Catalonia a GDP of $255.20 billion with GDP

Catalonia is wealthiest region, and
has a long shared history with Spain (BBC, 2017). In 2017, Spain’s GDP was
$1.232 trillion with GDP per capita of $26,528.49 (Statistic, 2017). After the
succession, Spain will face a minor recession in their GDP due to the loss of
Catalan’s contribution. The recession will cause the unemployment rate to
increase and face uncertainty from investors due to the loss of major
industrial region of Spain (Ross, 2017). Causing the government to make
cyclical deficit as they continue to pull the economy out of its minor
recession. Due to the decrease of supply of goods in the market, the demand
would increase causing inflation that could further cause the economy to move
further in recession. Factors such as GDP, GDP per capita, growth rate,
inflation and unemployment would negatively affect the standard of living of
Spain’s population. However, Spain has international support from its allies
and government structure to make a fast recovery from the recession. According
to the 2016 projections, IMF (international monetary fund) estimates that
Spanish GDP will expand by 3.1% in the beginning of 2018; due to the services
and newly competitive export sectors (Khan, 2017) (refer to Appendix B). In
contrast to Spain, Catalonia will face long term economic impacts of the
separation. Similar to other region, it is dependent on Spain’s economic
structures and relations (refer to Appendix A). Catalonia has a GDP of $255.20
billion with GDP per capita of $33,580 as of 2017(World Bank, 2017) (refer to
Appendix C). In comparison to the other regions of Spain, Catalonia generates
€200 billion investments that is equivalent to 20% of Spain’s GDP (Henley,
2017)(refer to Appendix A). It is a major business hub within Spain and
generates its majority of revenue through foreign investments, trade firms and
banking corporation. As the crisis escalates the investors are losing their
trust and have become uncertain due to the movement and political turmoil. On 6
October 2017, Banco de Sabadell, the second largest bank in Catalonia moved its
legal headquarter from Barcelona to Madrid (Khan, 2017). Due to the withdrawal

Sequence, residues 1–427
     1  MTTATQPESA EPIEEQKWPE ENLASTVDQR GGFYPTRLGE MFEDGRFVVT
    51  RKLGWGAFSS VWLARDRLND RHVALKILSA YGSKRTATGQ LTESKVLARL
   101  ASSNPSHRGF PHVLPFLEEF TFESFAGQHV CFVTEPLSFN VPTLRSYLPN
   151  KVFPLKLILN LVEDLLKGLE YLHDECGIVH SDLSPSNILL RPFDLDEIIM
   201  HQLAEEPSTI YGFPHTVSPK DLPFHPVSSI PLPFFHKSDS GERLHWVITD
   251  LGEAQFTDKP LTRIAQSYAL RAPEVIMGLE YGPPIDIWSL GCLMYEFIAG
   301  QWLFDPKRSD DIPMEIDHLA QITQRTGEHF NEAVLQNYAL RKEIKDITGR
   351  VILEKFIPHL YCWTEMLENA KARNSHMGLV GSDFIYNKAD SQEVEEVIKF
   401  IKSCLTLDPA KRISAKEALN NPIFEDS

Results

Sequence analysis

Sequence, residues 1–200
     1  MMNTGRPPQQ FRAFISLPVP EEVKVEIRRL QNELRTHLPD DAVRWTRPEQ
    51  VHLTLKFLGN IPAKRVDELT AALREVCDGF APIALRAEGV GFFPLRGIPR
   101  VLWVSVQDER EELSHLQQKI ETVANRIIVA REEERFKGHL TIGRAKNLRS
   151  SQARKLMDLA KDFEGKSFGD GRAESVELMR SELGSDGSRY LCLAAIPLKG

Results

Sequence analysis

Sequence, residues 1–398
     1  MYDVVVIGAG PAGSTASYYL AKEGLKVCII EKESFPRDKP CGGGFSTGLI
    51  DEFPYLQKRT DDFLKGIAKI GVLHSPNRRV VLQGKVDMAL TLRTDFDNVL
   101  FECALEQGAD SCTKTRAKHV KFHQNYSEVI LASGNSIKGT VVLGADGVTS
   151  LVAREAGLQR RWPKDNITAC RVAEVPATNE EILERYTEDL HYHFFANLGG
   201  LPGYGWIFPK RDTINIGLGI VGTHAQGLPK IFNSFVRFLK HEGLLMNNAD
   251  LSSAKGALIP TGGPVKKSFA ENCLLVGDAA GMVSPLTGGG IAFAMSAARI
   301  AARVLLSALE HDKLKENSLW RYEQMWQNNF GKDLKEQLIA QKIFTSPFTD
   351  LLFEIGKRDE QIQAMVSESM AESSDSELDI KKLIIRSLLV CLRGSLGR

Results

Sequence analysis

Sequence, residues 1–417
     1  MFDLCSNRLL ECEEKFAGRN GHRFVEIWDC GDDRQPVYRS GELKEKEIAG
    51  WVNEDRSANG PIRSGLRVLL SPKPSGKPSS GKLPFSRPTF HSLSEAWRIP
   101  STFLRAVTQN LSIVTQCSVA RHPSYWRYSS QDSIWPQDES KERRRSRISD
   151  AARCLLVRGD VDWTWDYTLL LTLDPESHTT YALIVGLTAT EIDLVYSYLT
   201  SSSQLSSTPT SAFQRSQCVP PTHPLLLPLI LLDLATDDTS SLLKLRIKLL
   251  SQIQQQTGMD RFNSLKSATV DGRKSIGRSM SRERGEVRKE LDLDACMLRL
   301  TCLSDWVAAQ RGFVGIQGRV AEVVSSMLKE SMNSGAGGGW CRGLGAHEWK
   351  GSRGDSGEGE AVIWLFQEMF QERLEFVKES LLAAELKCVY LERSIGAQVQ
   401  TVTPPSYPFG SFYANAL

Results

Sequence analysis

of large corporations such as banks and trading firms from Catalonia, the
unemployment rate will increase at a higher percentage. This will lead to the
fall of GDP by one-fifth, resulting in lower GDP per capita (Bosch, 2017).
Furthermore, Catalonia secessionist claim that Catalan pay majority of their
revenue in tax to the central government of Spain but does not receive from the
central government for government spending, security and infrastructures. JP
Morgan’s research report on Catalonia crisis uses 2005 allocations of
government spending done by Spain for its regions (2012). In total Spain spent
€133 billion dollars and equally shared the amount allocated to the regions
based on the proportion (White, 2012). Catalonia received €21.5 billion by the
central government for social services, infrastructure and security (White and
Aguree, 2012) (refer to Appendix E). According to the Luis de Guindos, Minister
of economy, the necessary amount that Catalonia will have to invest for its
public will be equivalent to 5.8 % of Catalan’s GDP (2017). Furthermore,
expenses for border security, infrastructure, government spending, education
and economic development will not be sufficient leading to increase tax rates,
inflation and low standards of living for Catalonian. As Spain will no longer
be liable to help Catalonia for financial assistance. Similar to Spain, EU is
no longer liable to help Catalonia as it is not a member of EU, European
central bank (ECB) or Stability mechanism (ESM). With its increasing
unemployment rate, business relocating their headquarters to other regions of
Spain and decrease in disposable income, it can be foreshadowed that Catalonia
will face difficulties attracting foreign investments (Petroff and Riley,
2017). This further complicates as Catalonia will not be able to use euro as
their currency. There are nation that use euro as their currency but are not
members of European Union, this is possible due to a monetary agreement between
the nations and EU (European Commission, 2017). Catalonia and European Union do
not have such formal agreement that allows Catalonia to use euro as their
currency. The uncertainty that surrounds Catalonia after its succession with
decrease GDP, rising unemployment rate, inflation and low standards of living
for its citizen are factors that provide evidence as to why Catalonia should
remain part of the Spain (Economist, 2017).


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